Philip Gourevitch is the author of a fine and important book on the Rwandan genocide. I am therefore surprised to see him expressing this too simple view about memory, in connection with genocide, in an interview at the Boston Review:
[W]hat really interests me ultimately is not to record the past, so much as how people live with the past and get on with it. There's a kind of fetishization of memory in our culture. Some of it comes from the experience and the memorial culture of the Holocaust - the injunction to remember. And it also comes from the strange collision of Freud and human rights thinking - the belief that anything that is not exposed and addressed and dealt with is festering and going to come back to destroy you. This is obviously not true. Memory is not such a cure-all. On the contrary, many of the great political crimes of recent history were committed in large part in the name of memory. The difference between memory and grudge is not always clean. Memories can hold you back, they can be a terrible burden, even an illness. Yes, memory - hallowed memory - can be a kind of disease. That's one of the reasons that in every culture we have memorial structures and memorial days, whether for personal grief or for collective historical traumas. Because you need to get on with life the rest of the time and not feel the past too badly. I'm not talking about letting memory go. The thing is to contain memory, and then, on those days, or in those places, you can turn on the tap and really touch and feel it. The idea is not oblivion or even denial of memory. It's about not poisoning ourselves with memory.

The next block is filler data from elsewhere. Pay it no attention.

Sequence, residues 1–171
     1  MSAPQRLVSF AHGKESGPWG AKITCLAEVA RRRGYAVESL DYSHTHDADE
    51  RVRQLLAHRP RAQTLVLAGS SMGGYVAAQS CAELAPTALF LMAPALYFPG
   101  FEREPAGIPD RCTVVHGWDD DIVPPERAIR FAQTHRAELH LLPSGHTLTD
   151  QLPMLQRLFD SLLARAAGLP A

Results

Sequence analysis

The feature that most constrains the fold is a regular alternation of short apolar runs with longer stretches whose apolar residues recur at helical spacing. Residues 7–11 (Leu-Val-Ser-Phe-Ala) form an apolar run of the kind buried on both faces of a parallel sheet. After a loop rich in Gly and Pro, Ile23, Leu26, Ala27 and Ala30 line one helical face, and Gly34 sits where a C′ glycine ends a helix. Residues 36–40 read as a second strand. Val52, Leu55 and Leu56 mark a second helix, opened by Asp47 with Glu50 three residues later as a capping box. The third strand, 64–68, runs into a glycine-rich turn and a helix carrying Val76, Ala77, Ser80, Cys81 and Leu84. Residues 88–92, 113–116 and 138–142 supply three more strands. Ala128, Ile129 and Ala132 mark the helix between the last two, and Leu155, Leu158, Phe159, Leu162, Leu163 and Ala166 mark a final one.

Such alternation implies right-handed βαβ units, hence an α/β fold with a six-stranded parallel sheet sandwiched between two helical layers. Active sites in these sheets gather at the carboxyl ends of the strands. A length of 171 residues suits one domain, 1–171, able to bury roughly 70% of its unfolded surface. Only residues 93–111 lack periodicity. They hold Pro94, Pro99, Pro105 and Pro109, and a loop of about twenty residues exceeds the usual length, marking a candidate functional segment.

Some of what Gourevitch says here makes good sense. It can be better - better for those aggrieved - to put the past behind them rather than let it eat away. This may be true in public as in personal life. The glancing allusion to Freud makes the necessary point: memories can indeed 'hold you back'. Equally, what he says about containing memory puts proper emphasis on giving priority to the 'aims of life'.
On the other hand, linking memory with the bearing of a grudge narrows its functions. The difference between memory and grudge, says Gourevitch, is 'not always clean'. Not always; but that leaves open the possibility, which is in fact a reality, that memory can also have nothing whatever to do with grudge. In the given context, remembering genocide, memory can be not about nourishing a grievance, but about educating those who do not know, or do not know enough, or those who deflect the grim truths about what human beings can sometimes do (and very quickly), with false comforts drawn from 'normal' times and lucky places. It's not only about marking terrible wrongs when they have been done, out of respect for the victims, though this has its own importance; it's also about the world, even at this late date, needing to learn and understand.
(See my series of which this post is the most recent and which was conceived with the rationale I've argued for above.)